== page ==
By acquiring Covidien PLC, Medtronic Inc. will transform from a $17 billion to a $27 billion company, a jump of such magnitude it could spur other medical device makers to follow suit.
While much of the discussion Monday centered on the $42.9 billion deal’s controversial tax implications — Medtronic will be based in Ireland to avoid U.S. taxes — Wall Street analysts focused on its implications for other medical-device makers and the hospitals they serve.
“I think there will be more consolidation. This is probably the tipping point,” said Venkat Rajan, principal analyst with Frost & Sullivan, a California research firm. “It’s pretty seismic.”
In a conference call with analysts Monday, Medtronic CEO Omar Ishrak said “consolidation of some sort is inevitable. It’s just a matter of time.”
Medtronic, founded 65 years ago in a northeast Minneapolis garage, will emerge from the deal as the world’s second-largest medical-device company behind Johnson & Johnson, which has device revenue of $28.5 billion. Covidien’s CEO Jose Almeida said the combined firm will be a “powerhouse.”
From a product perspective, the two companies have little overlap. Medtronic is strong in cardiovascular, spine, diabetes and surgical technologies, while Covidien’s prowess lies in surgical supplies, soft-tissue repair, vascular devices and monitoring equipment, said Larry Biegelsen, a senior analyst with Wells Fargo Securities.
The financial might and product breadth will give Medtronic a certain heft to lord over its competitors when it vies for business from hospitals and health care payers increasingly obsessed with value, especially in the wake of the Affordable Care Act.
“The changes taking place in health care around the world will force medical device companies to get bigger because they would need scale to negotiate with payers and providers on an equal footing,” Biegelsen wrote in a note to investors Monday.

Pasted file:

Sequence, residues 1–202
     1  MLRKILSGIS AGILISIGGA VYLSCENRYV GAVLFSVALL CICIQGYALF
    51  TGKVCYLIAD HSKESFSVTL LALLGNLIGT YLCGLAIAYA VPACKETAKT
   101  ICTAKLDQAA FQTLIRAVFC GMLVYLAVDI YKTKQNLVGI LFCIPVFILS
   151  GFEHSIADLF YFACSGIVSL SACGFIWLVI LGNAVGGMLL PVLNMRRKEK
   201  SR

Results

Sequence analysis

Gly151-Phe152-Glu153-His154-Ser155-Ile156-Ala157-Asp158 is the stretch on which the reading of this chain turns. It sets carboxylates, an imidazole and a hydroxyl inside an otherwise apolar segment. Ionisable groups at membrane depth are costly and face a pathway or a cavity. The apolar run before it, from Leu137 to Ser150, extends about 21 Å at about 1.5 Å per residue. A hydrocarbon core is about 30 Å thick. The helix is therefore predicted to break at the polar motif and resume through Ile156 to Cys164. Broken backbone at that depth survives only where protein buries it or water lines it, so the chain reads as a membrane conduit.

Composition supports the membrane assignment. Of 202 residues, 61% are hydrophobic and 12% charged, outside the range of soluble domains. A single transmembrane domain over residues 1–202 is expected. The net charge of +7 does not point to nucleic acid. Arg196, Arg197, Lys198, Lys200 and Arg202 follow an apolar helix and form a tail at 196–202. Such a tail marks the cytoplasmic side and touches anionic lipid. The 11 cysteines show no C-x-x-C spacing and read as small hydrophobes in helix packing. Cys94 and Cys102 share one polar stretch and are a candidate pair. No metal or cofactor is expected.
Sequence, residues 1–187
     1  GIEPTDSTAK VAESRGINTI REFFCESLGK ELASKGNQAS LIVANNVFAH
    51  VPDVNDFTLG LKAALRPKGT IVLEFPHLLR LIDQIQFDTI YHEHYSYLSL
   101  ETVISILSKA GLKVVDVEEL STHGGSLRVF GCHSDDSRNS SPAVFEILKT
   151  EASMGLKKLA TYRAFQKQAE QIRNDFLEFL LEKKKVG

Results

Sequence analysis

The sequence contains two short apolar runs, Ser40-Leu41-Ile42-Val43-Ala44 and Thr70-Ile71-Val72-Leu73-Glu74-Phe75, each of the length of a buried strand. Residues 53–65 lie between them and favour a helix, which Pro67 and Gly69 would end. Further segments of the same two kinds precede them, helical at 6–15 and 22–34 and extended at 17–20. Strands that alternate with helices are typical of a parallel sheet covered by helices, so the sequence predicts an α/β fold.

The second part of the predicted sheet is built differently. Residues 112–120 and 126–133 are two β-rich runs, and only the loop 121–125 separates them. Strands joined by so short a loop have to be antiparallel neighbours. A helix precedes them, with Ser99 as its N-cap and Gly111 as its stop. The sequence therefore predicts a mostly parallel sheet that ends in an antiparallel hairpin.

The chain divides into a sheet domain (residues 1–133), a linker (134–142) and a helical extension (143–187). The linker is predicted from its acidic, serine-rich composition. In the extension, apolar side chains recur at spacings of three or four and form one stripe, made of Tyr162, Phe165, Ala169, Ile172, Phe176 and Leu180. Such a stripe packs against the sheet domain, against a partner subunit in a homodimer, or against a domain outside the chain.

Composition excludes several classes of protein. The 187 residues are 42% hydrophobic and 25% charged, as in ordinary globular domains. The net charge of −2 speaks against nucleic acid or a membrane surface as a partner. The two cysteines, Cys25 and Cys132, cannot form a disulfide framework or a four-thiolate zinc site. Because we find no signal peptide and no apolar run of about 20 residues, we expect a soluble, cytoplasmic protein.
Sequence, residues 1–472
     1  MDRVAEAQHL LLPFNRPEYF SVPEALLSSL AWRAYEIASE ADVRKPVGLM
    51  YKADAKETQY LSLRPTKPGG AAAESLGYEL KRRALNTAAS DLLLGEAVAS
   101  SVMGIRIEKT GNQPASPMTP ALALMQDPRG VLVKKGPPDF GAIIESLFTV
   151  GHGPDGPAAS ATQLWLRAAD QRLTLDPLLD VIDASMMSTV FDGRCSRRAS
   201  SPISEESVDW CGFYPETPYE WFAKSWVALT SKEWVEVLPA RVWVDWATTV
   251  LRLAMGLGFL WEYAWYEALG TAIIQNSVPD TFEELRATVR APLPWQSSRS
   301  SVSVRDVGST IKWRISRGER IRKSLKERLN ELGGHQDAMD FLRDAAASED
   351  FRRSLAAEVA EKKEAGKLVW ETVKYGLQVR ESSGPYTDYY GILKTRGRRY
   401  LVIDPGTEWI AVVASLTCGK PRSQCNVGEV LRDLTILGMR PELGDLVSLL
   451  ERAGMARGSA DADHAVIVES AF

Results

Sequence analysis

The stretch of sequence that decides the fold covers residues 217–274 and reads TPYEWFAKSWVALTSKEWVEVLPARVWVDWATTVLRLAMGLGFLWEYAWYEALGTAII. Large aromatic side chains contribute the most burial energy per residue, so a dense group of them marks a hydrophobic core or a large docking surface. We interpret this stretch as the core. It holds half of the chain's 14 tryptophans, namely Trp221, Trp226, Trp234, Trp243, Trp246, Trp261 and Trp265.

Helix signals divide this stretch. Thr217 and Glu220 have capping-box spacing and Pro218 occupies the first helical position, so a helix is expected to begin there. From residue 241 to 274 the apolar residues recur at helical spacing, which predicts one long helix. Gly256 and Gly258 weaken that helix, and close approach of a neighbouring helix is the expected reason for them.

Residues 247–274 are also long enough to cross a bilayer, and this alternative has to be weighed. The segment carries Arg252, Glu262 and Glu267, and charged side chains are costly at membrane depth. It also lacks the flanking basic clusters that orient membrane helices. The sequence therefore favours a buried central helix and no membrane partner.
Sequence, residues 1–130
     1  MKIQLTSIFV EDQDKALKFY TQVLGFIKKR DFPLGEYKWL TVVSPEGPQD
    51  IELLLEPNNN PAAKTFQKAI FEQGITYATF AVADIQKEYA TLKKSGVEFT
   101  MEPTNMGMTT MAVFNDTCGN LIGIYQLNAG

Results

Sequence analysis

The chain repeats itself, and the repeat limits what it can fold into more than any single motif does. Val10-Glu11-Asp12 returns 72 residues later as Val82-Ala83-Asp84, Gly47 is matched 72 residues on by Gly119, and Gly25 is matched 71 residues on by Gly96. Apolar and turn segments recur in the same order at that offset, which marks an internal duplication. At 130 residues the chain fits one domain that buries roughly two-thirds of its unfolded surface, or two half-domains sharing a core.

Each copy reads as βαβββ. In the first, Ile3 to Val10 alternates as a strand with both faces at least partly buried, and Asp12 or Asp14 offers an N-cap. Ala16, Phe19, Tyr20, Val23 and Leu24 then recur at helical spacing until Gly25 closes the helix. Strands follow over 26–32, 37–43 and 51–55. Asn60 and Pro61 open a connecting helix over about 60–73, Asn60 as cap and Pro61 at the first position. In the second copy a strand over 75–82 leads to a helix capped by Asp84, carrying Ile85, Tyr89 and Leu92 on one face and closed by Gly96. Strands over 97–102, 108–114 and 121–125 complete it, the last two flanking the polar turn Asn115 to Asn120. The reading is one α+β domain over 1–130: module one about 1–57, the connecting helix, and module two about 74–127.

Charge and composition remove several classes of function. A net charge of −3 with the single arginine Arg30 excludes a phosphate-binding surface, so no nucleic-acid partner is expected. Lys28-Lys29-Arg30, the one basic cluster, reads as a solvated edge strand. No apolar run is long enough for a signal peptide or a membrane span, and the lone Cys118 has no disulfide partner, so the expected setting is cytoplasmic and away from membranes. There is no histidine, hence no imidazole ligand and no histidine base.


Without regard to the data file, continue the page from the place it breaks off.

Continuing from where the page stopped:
But not all observers see size as a slam-dunk for success. “It’s a debate that is ongoing in med-tech. There are companies that believe greater scale will provide more benefits, and a fuller suite of services to hospitals,” said Brooks West, an analyst with Piper Jaffray & Co. “There are other companies that believe if you have the best products, that will drive growth and opportunity. The answer is still not clear.”
Payers wield more power
Other companies in the med-tech space will watch the Medtronic-Covidien deal closely, perhaps with an eye toward crafting their own alliances. “The power structure of medicine is shifting from the device manufacturers to the health care providers and payers as hospitals merge and payers increasingly wield more power in health care decisions,” Biegelsen said.
Some consolidation has already occurred. Johnson & Johnson purchased orthopedic device maker Synthes Inc. two years ago for $21.3 billion. And Zimmer Holdings Inc. agreed in April to buy Biomet for $13.4 million.
It’s unclear whether two other major med-tech companies in Minnesota, Boston Scientific and St. Jude Medical, will be engaging in such talks. From time to time over the past decade, Little Canada-based St. Jude has been a rumored takeover candidate, yet it still remains independent.
The acquisition also highlights the maturation of the U.S. med-tech industry, particularly in cardiac and orthopedic fields. Medtronic, in particular, has increasingly sought growth in emerging markets worldwide, including China and India.
Said Ishrak, “We will now have a $3.7 billion emerging-markets business that we are confident can sustain double-digit growth over an extended period of time.”
The two chief executives also said the deal will help speed along new and innovative products. To that end, Medtronic said it will commit $10 billion in U.S. technology investments over the next decade in areas such as venture capital investments, acquisitions and research and development.
Shaye Mandle, president and CEO of the St. Louis Park-based industry group LifeScience Alley, expects the “lion’s share” of that money to land in Minnesota.
“In terms of [med-tech] companies and job growth in the U.S., Minnesota is one of two or three places in a country where there’s a ton of innovation in that space,” he said.
Medtronic said it will keep its “operational headquarters” in Fridley. Medtronic employs about 8,000 people in the state, while Covidien has about 1,100 here.
While technically its new headquarters will be in Dublin, the firm will still have a significant presence in its home state. “We’ll still have bragging rights,” Mandle said.
Medtronic shares closed Monday at $60.03, down 67 cents, and dropped to $59.50 in after-hours trading. The market was much kinder to Covidien: Its shares soared $14.73, or 20.45 percent, closing at $86.75.
Bloomberg News contributed to this report.